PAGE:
Mildred Richards has been a patient at Regional One Health’s Adult Special Care Center for 16 years, living proof that advances in HIV treatment are giving patients a new lease on life.
Mildred had just had a baby, who is HIV-negative. She was afraid to kiss or even touch her own child out of fear of transferring the virus.
“My family shut me out. People talked about me behind my back. I lost everything and everybody I ever had because of that diagnosis. When I walked into the Adult Special Care Center, I was homeless, hopeless, and ready to die.”
That’s when everything changed.
Mildred said, “As soon as I walked through that door, Melissa Wright came over and hugged me. I had not been hugged by anyone since the diagnosis. I just stood there and cried.”
“And I said, ‘You’re not supposed to do that, ma’am. I’m HIV positive,’” Mildred added. “But she didn’t care. She held my hand and walked me through my options. She found a shelter for me and my children to stay in. And every evening after work, she came by to see how I was doing.”
The center set Mildred up with Regional One Health Nurse Practitioner Marye Bernard to oversee her medical care. She helped Mildred reduce her viral count until it is undetectable in blood tests.
“I’ve been undetectable for the past 10 years,” she says proudly. “It’s allowed me to be healthy and to be the mom I want to be. It’s allowed me to travel the world as an ambassador for HIV patients and treatments.”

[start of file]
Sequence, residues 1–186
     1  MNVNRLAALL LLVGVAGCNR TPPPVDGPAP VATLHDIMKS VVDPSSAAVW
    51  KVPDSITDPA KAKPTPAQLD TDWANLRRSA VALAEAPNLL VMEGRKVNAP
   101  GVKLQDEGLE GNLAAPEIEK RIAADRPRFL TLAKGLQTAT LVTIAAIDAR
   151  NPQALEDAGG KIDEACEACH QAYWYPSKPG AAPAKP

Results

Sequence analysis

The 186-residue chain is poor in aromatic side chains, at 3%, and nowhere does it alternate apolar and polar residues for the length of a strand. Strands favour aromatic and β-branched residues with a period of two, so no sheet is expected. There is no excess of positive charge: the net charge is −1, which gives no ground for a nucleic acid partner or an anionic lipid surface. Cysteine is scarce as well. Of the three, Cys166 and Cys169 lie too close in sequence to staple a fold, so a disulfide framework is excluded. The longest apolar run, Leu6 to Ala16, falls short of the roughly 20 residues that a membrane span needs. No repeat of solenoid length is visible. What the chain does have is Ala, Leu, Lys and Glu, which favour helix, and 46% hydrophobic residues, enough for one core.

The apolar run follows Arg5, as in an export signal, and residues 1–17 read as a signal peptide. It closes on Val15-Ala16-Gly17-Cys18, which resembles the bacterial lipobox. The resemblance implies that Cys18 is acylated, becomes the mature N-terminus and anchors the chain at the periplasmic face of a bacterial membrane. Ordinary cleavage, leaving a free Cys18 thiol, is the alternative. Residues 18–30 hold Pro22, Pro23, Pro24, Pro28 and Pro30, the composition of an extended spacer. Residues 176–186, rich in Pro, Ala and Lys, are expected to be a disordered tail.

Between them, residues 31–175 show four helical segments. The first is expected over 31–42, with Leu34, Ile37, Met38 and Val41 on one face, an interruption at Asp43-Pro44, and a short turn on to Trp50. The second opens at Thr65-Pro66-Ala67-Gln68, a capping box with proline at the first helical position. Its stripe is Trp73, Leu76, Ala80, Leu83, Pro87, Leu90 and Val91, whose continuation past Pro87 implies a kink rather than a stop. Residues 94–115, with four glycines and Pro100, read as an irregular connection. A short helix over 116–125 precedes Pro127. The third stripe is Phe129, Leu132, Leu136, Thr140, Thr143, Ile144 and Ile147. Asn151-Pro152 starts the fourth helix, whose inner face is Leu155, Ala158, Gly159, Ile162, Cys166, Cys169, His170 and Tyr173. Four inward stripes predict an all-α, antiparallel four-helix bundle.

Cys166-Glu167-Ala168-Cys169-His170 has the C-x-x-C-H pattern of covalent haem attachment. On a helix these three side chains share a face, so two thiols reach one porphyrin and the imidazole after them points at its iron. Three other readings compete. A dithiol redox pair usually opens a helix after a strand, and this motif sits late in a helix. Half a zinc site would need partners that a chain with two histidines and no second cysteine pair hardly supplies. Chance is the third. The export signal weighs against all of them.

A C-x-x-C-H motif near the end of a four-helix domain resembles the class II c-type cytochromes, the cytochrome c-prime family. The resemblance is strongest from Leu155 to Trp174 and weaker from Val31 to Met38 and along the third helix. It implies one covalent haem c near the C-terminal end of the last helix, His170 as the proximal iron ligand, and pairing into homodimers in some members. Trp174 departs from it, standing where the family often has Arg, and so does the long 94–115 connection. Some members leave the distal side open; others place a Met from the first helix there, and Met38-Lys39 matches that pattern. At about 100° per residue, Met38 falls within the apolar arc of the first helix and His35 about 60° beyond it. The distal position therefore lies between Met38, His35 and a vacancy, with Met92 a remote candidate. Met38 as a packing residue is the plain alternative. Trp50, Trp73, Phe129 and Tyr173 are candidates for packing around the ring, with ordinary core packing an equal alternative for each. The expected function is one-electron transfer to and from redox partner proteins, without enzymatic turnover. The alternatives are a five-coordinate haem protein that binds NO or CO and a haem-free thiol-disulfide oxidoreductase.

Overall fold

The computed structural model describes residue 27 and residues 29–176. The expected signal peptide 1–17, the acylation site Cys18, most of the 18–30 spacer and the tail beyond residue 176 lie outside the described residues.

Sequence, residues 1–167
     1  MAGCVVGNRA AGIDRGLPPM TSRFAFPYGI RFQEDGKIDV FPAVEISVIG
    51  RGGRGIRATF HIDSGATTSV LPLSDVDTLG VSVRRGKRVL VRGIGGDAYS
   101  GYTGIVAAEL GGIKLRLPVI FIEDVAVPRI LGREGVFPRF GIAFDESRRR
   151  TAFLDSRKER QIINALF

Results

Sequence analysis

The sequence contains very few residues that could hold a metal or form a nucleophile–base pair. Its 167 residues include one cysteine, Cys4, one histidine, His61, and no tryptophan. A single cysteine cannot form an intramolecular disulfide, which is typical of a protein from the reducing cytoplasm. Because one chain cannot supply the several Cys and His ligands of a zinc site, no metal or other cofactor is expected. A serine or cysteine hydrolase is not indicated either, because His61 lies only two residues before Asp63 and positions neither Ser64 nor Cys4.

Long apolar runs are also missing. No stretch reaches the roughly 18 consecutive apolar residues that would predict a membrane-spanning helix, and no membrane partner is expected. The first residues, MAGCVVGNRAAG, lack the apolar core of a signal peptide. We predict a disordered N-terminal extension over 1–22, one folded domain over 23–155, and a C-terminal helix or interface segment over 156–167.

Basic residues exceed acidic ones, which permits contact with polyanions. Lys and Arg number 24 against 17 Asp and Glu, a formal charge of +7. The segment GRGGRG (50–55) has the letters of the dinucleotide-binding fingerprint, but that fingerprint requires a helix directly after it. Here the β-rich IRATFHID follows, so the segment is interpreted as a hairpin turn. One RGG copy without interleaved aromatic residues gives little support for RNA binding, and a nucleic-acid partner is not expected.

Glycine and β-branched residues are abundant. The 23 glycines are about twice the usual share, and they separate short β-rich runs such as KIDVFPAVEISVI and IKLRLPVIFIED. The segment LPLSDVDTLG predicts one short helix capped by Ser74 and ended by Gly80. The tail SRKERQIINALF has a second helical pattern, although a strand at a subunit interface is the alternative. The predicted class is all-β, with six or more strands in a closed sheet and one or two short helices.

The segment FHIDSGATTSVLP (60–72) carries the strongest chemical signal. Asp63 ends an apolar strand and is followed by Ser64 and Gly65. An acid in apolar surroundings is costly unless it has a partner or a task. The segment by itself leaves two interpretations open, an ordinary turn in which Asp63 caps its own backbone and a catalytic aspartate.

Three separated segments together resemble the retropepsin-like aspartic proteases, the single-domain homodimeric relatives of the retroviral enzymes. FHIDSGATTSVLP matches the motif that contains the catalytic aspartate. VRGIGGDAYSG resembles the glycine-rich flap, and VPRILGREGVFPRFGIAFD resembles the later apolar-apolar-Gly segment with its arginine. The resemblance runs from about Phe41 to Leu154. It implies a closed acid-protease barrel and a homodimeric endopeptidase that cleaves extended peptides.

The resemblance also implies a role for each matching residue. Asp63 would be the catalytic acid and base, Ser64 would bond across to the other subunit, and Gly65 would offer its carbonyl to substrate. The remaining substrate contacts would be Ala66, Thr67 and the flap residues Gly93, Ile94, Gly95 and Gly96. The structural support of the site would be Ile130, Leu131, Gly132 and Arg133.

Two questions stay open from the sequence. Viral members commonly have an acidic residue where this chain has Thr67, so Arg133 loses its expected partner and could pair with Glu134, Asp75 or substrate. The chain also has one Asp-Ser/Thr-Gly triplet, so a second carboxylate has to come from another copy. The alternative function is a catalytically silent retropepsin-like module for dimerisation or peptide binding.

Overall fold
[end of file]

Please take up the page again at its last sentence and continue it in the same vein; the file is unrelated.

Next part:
The center staff also assisted Mildred with getting her GED. “Members of the staff showed up at my graduation,” she says with a catch in her throat. “My family wasn’t there, but they were. They are my family.”
Then something happened that Mildred never expected to happen again. She met a man who didn’t run away when he learned she was HIV-positive. They fell in love and got married. Once again, members of the Adult Special Care Center attended this very special event in Mildred’s life.
“They’ve never missed a milestone,” Mildred says. “My children know everyone at the center—every case manager, every doctor, every nurse, because these are their aunts and uncles. We are family.”
“I think that place is heaven-sent,” she says. “When I went there, I forgot about my circumstances. I forgot about my diagnosis. I slowly became Mildred again. And it felt so good to be me again.”
Today, Mildred gives back by mentoring newly diagnosed HIV patients at the Mid- South nonprofit organization Friends for Life. She’s quick to refer people to the center. “I tell people that this is the place that renewed my hope and taught me to love myself again. I am who I am today because of the wonderful people at the Adult Special Care Center.”